It’s all in the wrist — at least when it comes to figuring out what happened to North Korea’s suddenly undead Kim Jong Un.
The portly 38-year-old dictator sported a mysterious new mark on his wrist in his first public appearance in three weeks, reported NK News, which bills itself as an independent source of news on North Korea.
What looked to be a scar was spotted in a video of Kim released Saturday by state media.
A US medical professional told NK News that the mark might be a scar from a recent cardiovascular procedure — possibly a right radial artery puncture, which is performed to get a blood sample for analysis.
A swirl of international speculation about Kim’s heath started after he reportedly underwent a stent operation in early April. The whispers grew louder when China dispatched medical experts to help treat him.
Kim comes from a family with a history of heart disease — both his dad and granddad died of heart attacks — and he is heavy, tipping the scales at just about 300 pounds but standing only 5 feet 6 inches. He also chain-smokes, burning through four packs a day.
The footage also showed Kim smiling as he walked, talked and smoked at the opening of a fertilizer plant Friday. By his side was his younger sister, Kim Yo Jong, who experts believe will succeed her brother.
The two didn’t have on face masks, despite the coronavirus pandemic. A sea of onlookers — all masked — cheered wildly.
“All participants again burst into thunderous cheers of ‘hurrah,’” the North’s official Korean Central News Agency said in a statement. The outlet usually releases reports of Kim’s public appearances a day after they take place.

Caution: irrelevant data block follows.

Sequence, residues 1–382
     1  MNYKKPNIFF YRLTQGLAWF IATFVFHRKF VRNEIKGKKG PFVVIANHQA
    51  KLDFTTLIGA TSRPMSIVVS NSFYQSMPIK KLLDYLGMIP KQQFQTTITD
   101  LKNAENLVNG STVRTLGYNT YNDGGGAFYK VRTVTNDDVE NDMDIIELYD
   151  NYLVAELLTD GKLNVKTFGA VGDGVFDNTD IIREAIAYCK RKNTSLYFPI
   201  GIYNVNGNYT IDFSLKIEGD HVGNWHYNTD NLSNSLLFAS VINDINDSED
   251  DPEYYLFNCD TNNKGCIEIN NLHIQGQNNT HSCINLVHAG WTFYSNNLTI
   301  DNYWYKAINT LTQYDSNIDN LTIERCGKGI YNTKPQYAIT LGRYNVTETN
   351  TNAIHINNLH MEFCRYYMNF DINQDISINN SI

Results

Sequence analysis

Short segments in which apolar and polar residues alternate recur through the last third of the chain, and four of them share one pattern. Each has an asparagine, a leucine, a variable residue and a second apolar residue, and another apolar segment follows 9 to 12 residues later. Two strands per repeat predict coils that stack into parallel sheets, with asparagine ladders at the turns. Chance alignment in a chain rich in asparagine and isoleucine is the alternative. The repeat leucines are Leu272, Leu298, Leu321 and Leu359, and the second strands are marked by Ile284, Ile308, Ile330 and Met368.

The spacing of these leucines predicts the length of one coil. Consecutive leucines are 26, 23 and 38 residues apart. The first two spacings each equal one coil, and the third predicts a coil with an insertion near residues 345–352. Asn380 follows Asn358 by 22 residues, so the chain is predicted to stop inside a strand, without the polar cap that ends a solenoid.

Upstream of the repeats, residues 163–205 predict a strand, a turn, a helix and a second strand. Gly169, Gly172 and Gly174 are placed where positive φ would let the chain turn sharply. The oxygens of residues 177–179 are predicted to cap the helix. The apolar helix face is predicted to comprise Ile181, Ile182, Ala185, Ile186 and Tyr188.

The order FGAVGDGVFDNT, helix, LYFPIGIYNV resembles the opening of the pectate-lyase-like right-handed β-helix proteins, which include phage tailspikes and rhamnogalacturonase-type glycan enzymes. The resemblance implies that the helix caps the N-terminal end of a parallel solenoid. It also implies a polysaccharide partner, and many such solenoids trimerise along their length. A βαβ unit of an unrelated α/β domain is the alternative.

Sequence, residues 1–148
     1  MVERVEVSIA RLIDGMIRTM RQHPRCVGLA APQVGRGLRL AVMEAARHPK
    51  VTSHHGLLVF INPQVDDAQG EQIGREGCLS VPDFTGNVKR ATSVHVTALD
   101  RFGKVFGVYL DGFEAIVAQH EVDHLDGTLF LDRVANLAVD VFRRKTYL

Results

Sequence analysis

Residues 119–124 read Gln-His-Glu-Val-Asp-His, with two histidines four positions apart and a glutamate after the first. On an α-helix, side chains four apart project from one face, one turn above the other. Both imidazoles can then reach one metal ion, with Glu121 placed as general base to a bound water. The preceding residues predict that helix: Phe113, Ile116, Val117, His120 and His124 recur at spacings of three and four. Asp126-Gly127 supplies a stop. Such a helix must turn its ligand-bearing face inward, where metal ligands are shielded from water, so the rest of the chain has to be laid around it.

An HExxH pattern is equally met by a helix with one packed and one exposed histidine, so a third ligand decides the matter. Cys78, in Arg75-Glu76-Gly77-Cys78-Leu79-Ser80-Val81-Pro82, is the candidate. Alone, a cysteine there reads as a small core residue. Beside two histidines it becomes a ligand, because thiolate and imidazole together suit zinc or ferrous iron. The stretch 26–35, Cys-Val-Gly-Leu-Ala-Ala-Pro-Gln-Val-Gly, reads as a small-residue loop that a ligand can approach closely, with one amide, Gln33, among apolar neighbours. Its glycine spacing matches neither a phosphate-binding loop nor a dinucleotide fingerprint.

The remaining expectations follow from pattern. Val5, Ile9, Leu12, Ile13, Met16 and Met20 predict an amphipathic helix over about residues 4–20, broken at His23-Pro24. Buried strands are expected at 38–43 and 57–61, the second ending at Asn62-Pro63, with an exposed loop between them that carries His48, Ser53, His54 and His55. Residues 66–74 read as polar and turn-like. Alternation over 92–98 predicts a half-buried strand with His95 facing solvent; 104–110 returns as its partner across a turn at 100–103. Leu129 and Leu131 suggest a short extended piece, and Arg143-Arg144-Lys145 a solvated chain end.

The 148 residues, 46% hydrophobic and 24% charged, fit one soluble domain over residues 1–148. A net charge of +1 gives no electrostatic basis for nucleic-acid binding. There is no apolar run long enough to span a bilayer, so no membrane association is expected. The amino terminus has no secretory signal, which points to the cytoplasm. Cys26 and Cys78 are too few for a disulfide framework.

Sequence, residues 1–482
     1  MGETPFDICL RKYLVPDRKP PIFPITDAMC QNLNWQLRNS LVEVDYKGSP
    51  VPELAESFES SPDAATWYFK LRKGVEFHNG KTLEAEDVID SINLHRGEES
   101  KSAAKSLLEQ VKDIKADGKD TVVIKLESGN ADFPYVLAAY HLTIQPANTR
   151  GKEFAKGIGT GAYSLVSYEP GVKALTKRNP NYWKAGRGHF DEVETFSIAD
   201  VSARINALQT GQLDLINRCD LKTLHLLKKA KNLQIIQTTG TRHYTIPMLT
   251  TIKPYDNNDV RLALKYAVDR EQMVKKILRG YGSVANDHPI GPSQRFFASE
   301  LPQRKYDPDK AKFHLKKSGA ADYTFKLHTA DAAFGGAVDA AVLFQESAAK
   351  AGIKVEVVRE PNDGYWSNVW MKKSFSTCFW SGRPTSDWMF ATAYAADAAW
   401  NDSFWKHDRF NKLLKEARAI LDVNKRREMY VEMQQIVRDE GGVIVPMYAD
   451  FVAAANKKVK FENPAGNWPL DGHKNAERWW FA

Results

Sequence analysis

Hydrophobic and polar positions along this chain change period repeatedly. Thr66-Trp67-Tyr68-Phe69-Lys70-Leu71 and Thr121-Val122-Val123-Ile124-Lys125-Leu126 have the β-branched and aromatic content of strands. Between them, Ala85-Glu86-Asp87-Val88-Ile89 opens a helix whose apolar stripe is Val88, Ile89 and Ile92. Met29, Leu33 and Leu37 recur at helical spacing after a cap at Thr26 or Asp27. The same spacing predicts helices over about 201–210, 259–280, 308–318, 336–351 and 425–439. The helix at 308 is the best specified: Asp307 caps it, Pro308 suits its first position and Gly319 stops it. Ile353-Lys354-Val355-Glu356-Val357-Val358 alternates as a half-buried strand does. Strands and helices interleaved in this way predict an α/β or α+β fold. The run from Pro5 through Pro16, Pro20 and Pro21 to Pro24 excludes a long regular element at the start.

News outlets worldwide were careful to describe the pictures as “alleged” or “purported” since Kim dropped out of sight.
In 2014, he disappeared for a month, stirring speculation of a coup. He surfaced walking with a cane, needing the help after ankle surgery.
This time, Kim’s most noticeable absence was on April 15 when he was a no-show for the birthday celebration for the late Kim Il Sung, his grandfather and the founder of North Korea.
Missing such a big event kicked the rumor mill into high gear.
As late as Friday, Ji Seong-ho, a North Korean defector who recently won a seat in the South Korean Parliament, told reporters that he was “99 percent sure” that Kim had died last weekend.
His pronouncement followed reports last week from a Hong Kong broadcast network, which claimed Kim had died, and a Japanese magazine, which said he was in “a vegetative state.”
One Chinese medic told the Japanese magazine that the leader clutched his chest and fell to the ground on a visit to the countryside earlier this month. A doctor accompanying Kim performed CPR and took him to a nearby hospital, where apparently the procedure was performed.
Other unconfirmed reports, attributed to senior Communist Party sources in Beijing, claimed Kim succumbed when his surgeon botched the stent operation because his hands were shaking so badly.
Also last week, The Daily NK, a Seoul-based publication that bases most of its reports on testimony from North Korean defectors and other sources inside the country, reported that Kim might have been recovering from surgery at a coastal resort. On Friday, the outlet reported that something may have gone wrong for Kim healthwise “due to either excessive drinking or overwork.”